The European Society of Cardiology recommends considering the use of fibrinolytic therapy as the first-line treatment when cardiac arrest is caused by proven or suspected acute PE [8]. Given the bleeding risk associated with thrombolytic therapy, the treatment should only be administrated after balancing the potential benefits of improved outcomes and bleeding risk of thrombolytic therapy.

Among patients with a high risk of PE, thrombolytic therapy is associated with a lower rate of all-cause mortality but an increased risk of major bleeding. Bleeding was reported to occur more or less in 13% of patients receiving thrombolytic therapy including 1.5% of intracranial hemorrhages [7]. But there are no data in case of perioperative thrombolysis.

The same review confirms this significant reduction in mortality and reminds us that recent surgery or trauma within 10 days is a relative contraindication. However, these relative contraindications are also associated with inducible risks for PE. Therefore, thrombolytic therapy may still be appropriate for patients with massive PE complicated by relative contraindications.

We decided to perform a thrombolytic treatment after balancing the high risk of surgical bleeding and the fatal issue of a failing resuscitation. We used a central jugular venous catheter to allow central injection of thrombolysis. It is thought that central perfusion may be more effective than peripheral infusion by increasing concentration of tissue plasminogen activator at the site of the thrombus [9]. We did not observe any haemorrhagic complication at surgical site nor at the puncture site of femoral nerve block.

In this case, immediate surgical or endovascular therapy was not feasible due to patient conditions. Extracorporeal membrane oxygenation (ECMO) is unavailable in our institution. The jugular directed dose of thrombolytics in conjunction with CPR was associated with the survival of the patient.

Long resuscitation

It appears that long resuscitation is associated with worse outcome [10]. In his observational study of CPR, Youness et al [11] have shown a median survival rate of 25.5% descending to 5.6% when duration of CPR was more than 30 min.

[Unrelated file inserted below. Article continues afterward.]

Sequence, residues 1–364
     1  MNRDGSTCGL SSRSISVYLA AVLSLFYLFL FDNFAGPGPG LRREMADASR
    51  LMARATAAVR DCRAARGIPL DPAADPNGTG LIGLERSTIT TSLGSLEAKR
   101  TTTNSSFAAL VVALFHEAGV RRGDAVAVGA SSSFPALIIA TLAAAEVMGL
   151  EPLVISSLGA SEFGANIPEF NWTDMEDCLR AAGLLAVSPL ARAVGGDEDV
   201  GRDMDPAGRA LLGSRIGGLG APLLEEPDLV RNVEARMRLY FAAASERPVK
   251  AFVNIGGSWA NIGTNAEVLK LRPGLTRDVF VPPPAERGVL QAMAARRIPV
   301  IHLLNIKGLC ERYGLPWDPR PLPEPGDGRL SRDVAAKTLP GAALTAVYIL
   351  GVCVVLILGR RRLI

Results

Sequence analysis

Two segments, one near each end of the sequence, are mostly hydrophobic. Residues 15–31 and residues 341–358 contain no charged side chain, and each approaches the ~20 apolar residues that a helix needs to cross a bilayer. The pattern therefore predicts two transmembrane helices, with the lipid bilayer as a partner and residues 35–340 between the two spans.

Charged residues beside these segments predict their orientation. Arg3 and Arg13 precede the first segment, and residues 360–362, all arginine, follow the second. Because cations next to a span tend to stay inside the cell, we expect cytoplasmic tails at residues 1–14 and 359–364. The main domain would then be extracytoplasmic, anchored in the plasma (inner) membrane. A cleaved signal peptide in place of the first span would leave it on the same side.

Current literature suggests a negative correlation between length of resuscitation and mortality. There is no guideline for ideal resuscitation time. In a large registry of 64,339 patients [11], the median duration of resuscitation was 12 min (interquartile range (IQR): 6 - 21 min) in the 15.4% of survivors compared with 20 min (IQR: 14 - 30 min) for all other non-survivors.

It is really difficult to define an optimum duration for resuscitation but some signs can indicate that CPR is performed well. We observed in our CPR, an increase in end-tidal CO2 and entropy value after the initial collapse. These values remained stable during resuscitation, probably indicating an acceptable cerebral flow and oxygenation. Depth of anesthesia monitoring during CPR has also been used by some authors to assess cerebral perfusion as well as adequacy of chest compression [11] (Table 1).

Only few cases of ultralong resuscitation have been published [11]. In our case report, we performed a CPR of 125 min with excellent outcome. The same authors conclude that decision to continue or stop CPR should not be based solely on the duration of resuscitation. It must include the cause of the arrest, the latency to starting CPR, the quality of CPR and morbidity of the patient, factors that affect the outcome. When potentially reversible cause of cardiac arrest has been diagnosed, it usually admitted to continue CPR until the reversible cause is treated.


In this case, we performed a successful ultralong resuscitation as rarely described in the literature, combined with the first intraoperative fibrinolysis without hemorrhagic complication. This case emphasizes the importance of following a high-quality resuscitation protocol. It also reminds us to balance the risk-to-benefit ratio in case of an emergency fibrinolysis, especially in the perioperative settings.


This case was presented at ESRA Congress in September 2018 in Dublin (Ireland).

Financial Disclosure


Conflict of Interest


Informed Consent

Written consent to publish this case was obtained from the patient.

Author Contributions

Pierre Goffin is the main author. Julien Guntz helped the manuscript revision.


PE: pulmonary embolism; CPR: cardio-pulmonary resuscitation; ICU: intensive care unit; GA: general anesthesia; RV: right ventricle